• Measure how efficiently the firm’s assets generate operating profits
    • What is the firm’s Operating Income Return on Investment (OIROI)?
    2. Operating Efficiency Ratios
    • Slightly below the industry average of 15% . The OIROI reflects product pricing and the firm’s ability to keep costs down
    • Note: EBIT is Operating Income
  • 11.
    • What is the firm’s Operating Profit Margin (OPM)?
    • Below the industry average of 12%
    2. Operating Efficiency Ratios (Continued)
  • 12.
    • What is the firm’s Total Asset Turnover (TAT)?
    • The industry average is 1.82 times
    • Total Asset Period (TAP):
    • The firm needs to figure out how to squeeze more sales dollars out of its assets
    2. Operating Efficiency Ratios (Continued)
  • 13.
    • What is the firm’s Inventory Turnover?
    • Dragon turns their inventory over 3.1 times per year.
    • The industry average is 3.9 times. Is this efficient?
    • Inventory Period (IP) for the firm is:
    2. Operating Efficiency Ratios (Continued)
  • 14.
    • Low Inventory Turnover
    • The firm may have too much inventory, which is expensive because:
      • Inventory takes up costly warehouse space
      • Some items may become spoiled or obsolete
    2. Operating Efficiency Ratios (Continued)
  • 15.
    • Cash Cycle = (Inventory Period + Receivables Period) – Payables Period
    • Cash Cycle = (117.74 + 59.30) – 41.57 = 135.47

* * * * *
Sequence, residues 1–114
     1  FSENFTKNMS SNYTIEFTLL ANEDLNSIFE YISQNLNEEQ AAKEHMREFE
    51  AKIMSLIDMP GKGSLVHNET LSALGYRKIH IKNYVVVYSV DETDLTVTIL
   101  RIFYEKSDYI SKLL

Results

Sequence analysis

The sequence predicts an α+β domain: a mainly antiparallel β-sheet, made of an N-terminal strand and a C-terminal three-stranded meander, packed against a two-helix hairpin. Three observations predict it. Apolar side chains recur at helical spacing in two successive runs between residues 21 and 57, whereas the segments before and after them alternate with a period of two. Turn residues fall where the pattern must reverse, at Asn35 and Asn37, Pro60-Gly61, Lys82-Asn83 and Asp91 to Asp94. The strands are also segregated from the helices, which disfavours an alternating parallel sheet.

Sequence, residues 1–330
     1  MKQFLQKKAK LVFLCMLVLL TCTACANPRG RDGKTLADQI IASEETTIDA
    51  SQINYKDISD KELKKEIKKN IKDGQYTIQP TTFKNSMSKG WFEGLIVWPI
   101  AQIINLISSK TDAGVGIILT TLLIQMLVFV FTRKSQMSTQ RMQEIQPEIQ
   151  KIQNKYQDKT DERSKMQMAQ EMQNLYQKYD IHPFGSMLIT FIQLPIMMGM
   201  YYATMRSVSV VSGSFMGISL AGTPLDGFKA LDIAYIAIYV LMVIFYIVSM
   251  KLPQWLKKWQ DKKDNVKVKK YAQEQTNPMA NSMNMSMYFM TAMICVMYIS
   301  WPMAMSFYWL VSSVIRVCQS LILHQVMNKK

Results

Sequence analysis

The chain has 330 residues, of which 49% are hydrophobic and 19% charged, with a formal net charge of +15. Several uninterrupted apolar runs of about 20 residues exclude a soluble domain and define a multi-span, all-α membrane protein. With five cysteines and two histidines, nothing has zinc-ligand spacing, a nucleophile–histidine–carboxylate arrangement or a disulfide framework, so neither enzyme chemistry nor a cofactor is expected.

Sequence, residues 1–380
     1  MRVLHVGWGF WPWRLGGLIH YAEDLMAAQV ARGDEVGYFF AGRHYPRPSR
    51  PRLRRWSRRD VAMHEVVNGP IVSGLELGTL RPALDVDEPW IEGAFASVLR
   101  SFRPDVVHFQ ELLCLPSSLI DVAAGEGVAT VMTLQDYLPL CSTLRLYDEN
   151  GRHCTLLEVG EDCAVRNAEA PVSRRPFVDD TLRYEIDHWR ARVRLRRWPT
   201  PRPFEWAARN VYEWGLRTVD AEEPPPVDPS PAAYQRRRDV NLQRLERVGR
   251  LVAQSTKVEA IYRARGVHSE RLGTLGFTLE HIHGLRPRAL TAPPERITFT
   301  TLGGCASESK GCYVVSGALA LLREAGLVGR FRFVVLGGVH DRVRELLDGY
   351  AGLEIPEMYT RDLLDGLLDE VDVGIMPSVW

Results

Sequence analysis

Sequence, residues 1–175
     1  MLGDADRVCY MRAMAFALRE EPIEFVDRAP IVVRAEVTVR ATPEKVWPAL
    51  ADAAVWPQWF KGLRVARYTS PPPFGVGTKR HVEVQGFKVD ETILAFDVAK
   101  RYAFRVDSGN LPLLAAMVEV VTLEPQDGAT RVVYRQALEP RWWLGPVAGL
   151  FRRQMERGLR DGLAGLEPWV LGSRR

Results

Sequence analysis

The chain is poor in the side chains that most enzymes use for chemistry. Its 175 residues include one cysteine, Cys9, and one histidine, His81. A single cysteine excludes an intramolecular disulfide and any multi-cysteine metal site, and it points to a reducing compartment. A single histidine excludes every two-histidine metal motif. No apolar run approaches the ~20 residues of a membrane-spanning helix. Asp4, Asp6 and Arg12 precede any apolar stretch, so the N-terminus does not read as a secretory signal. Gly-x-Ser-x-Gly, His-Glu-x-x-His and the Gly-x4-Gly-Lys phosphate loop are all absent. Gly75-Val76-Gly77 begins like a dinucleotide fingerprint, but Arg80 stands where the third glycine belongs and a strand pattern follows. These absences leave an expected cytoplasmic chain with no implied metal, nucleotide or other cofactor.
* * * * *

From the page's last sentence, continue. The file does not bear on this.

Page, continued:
2. Operating Efficiency Ratios (Continued)
  • 16.
    • What is the firm’s Fixed Asset Turnover (FAT)?
    • If the industry average is 4.6 times, what does this tell us about the firm?
    • Fixed Asset Period (FAP) for the firm is
    2. Operating Efficiency Ratios (Continued)
  • 17.
    • Measure the impact of using debt capital to finance assets
    • Firms use debt to lever (increase) returns on common equity
    • How does Leverage work?
    • Suppose we have an all equity-financed firm worth $100,000. Its earnings this year total $15,000
    • ROE = 15,000 / 100,000 = 15%
    • Suppose the same $100,000 firm is financed with half equity, and half 8% debt (bonds). Earnings are still $15,000
    • ROE = (15,000 – 4,000) / 50,000 = 22%
    3. Leverage Ratios (Financing Decisions)
  • 18.
    • If the industry average is 47%, what does this tell us?
    • Can leverage make the firm more profitable ?
    • Can leverage make the firm riskier ?
    • What is Dragon’s Debt Ratio?
    3. Leverage Ratios (Financing Decisions) (Continued)
  • 19.
    • The industry average is 6.7 times. This is further evidence that the firm uses more debt financing than average
    • What is Dragon’s Times Interest Earned Ratio (TIER)?
    3. Leverage Ratios (Financing Decisions) (Continued)
  • 20.
    • The industry average is 17.54%. Is this what we would expect, given the firm’s leverage?
    • How well are the firm’s managers maximizing shareholder wealth?
    4. Return on Equity (ROE)
  • 21.
    • Even though Dragon has higher leverage than the industry average, they are much less efficient, and therefore, less profitable
    Conclusion
  • 22.
    • Brings together:
    • Profitability – measured by the Net Profit Margin (NPM)
    • Efficiency – measured by Total Asset Turnover (TAT)
    • Leverage – measured by Debt Ratio
    The DuPont Model
  • 23. The DuPont Model